Category Archives: fandom

Will the real Richard Armitage please stand up? Or–maybe not.


“Who’s Richie A, Who’s the real guy, will the real Richie A please stand up, please stand up”

(with apologies to Eminem aka Slim Shady, who is, in fact, actually a guy named Marshall Mathers)

Fedoralady plays the devil’s advocate a bit here . . .  tossing out some food for thought.  Glean from it what you will.


Who exactly is Richard Armitage? That seems to be a question a fair amount of fans are asking these days.

What concerning RA can we agree upon?

I think we can all agree he’s enormously talented. Charismatic. A hard-working professional (maybe even a workaholic). He shows an appreciation for his fans and has a generous heart, supports worthwhile charities and encourages others to do the same. He is not at all hard on the eyes. In fact, he seems to get more attractive with each passing year. There is a lot to like and appreciate here.

The RA that most who have been fans for a longer period have come to expect is this thoughtful, diffident, humble, bookish, boyish, good-humored and gentle sort of gentleman—a kind of Harry Kennedy come to life in some respects. Richard himself once said HK was the character he had played who was most like him in real life, which led to quite a few “squees” in the fandom.


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We saw glimpses of this “Admirable RA” in television and radio interviews to promote his shows and films, in the behind-the-scenes features for DVDs and in some print interviews. There was never a great deal offered up about his private life, even when interviewers tried to pry or provoke it out of him. He preferred to focus on his work, a subject about which he was clearly passionate.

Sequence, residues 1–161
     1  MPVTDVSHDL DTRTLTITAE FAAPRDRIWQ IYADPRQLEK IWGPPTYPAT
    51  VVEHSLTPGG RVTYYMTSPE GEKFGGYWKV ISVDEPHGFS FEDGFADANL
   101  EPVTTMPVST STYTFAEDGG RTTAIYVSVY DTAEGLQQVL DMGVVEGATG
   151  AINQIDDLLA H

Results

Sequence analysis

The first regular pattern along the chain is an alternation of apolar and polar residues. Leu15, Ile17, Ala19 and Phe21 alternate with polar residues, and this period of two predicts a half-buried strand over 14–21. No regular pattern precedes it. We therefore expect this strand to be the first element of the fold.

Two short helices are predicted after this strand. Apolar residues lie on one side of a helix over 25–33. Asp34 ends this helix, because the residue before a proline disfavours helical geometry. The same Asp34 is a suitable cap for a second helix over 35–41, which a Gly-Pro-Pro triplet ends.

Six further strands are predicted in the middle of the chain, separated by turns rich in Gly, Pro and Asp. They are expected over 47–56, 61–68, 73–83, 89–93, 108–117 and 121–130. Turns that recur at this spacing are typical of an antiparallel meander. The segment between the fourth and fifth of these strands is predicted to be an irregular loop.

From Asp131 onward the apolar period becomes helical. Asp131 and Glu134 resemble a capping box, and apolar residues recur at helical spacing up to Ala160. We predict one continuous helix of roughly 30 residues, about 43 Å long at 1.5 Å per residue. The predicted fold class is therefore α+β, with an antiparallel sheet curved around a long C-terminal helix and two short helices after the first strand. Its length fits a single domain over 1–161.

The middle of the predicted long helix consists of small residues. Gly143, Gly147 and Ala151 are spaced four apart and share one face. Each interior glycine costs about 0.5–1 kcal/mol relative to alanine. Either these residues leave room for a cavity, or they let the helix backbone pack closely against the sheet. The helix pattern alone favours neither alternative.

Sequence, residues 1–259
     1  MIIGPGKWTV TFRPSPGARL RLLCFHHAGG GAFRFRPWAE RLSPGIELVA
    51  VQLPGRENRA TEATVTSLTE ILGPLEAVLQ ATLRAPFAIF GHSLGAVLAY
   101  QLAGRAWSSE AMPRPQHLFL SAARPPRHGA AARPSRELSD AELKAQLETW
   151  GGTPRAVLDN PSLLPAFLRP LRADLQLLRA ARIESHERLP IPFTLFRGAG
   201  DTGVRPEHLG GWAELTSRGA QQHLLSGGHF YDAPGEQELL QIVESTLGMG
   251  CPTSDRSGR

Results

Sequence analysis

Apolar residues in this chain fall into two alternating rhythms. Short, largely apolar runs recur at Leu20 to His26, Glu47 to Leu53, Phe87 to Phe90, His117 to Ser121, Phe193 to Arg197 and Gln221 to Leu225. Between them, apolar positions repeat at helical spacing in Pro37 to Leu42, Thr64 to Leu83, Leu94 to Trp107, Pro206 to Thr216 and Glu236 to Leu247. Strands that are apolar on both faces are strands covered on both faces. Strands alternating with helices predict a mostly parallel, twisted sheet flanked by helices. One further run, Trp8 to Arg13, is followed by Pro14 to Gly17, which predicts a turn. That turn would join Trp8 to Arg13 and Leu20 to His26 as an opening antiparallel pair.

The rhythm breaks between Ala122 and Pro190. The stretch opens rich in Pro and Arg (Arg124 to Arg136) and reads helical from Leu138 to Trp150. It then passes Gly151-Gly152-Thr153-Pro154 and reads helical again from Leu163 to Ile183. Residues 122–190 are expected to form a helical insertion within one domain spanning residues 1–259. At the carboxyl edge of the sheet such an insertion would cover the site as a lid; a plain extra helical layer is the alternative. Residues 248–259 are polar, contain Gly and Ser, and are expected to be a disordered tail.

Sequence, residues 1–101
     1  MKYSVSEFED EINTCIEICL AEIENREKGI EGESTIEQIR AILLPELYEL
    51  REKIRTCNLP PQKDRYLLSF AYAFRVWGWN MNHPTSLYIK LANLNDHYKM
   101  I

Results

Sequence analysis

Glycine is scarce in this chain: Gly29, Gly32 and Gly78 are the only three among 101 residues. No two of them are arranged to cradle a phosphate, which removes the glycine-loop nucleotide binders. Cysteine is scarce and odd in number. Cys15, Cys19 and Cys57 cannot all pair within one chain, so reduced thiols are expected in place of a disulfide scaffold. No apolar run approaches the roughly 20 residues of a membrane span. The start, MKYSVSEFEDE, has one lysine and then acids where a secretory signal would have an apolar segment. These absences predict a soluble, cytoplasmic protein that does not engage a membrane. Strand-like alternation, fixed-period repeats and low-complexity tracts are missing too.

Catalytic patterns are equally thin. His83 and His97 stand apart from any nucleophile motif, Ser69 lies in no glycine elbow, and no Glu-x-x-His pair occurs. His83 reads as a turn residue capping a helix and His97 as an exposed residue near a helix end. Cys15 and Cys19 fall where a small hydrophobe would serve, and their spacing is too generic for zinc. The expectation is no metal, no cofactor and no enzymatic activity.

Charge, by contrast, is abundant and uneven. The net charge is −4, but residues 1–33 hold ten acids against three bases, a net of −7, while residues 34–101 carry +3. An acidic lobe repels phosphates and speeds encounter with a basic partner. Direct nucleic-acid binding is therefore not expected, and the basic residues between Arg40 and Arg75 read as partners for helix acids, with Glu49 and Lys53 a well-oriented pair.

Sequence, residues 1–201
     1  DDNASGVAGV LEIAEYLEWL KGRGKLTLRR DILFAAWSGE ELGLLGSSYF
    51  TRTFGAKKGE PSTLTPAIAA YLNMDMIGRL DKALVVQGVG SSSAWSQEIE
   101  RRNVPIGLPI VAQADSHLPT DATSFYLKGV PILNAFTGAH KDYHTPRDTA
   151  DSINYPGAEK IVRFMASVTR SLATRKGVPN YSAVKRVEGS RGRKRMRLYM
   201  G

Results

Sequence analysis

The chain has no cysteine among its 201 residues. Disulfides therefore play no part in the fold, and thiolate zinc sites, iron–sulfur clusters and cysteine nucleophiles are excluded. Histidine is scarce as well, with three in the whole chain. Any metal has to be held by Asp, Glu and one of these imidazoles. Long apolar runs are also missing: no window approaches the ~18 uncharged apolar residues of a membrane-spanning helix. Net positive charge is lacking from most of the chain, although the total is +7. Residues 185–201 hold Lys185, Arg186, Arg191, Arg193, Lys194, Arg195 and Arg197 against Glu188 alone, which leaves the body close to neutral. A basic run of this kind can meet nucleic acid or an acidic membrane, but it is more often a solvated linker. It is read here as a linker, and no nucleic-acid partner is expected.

Some fans who first discovered him as Thornton in “North and South” found Richard Armitage the perfect romantic hero and longed to see him in more high-quality period drama. Those who adored him as Harry Kennedy pined to see him perform in a wittily scripted rom-com. Others found “Action Hero with a Heart” Armitage and “Beautiful Baddie (Who Really Isn’t)” irresistible.















For certain fans, RA pretty much ascended onto a pedestal. If he wasn’t a saint, surely he was an angel, almost too good to be true.
After all, look at all his virtuous qualities . . . he was different from all that riff-raff out there in celebrity land, and we could pat ourselves on the back and smugly smile and say, “We fangurl only the best and the most pure of heart.”


And other fans said (in private, if not on forums), “Virtuous qualities, shmirtuous qualities. He can effin’ read the phone book for all I care (preferably in really tight jeans and a shirt with a few buttons undone) as long as I can hear that smooth chocolate baritone and gaze into those hellagood azure eyes and imagine all the bad, bad things I could do to him!” (I should point out these feelings can be found in fans who really, really admire his personality and acting talent, too.)



As for Richard, he has always tended to dismiss talk about his sexual allure, expressing disbelief that he could ever be considered a hottie, proclaiming he’s always found himself a bit odd-looking.

RA has seemed like the perfect celebrity crush for the discerning fan girl: bright and gifted, yet humble and modest. Beautiful and sexy, yet seemingly unaware of his physical charms (although quite a few of us found that hard to swallow). Here was an intensely private man who clearly intended to remain so, one who wanted the focus to be on his body of work as a serious actor–and not his body, as it were.

And then he joined Twitter. Dived in headfirst, one might say.
And we started getting selfies. Lots of selfies. Some were quite funny and cute and a little weird, but in a good sort of way. And one or two were— “Huh? Zat you, Richard?”
They seemed to be of a handsome young man but they didn’t exactly look like Richard Armitage—maybe a younger look-alike relative?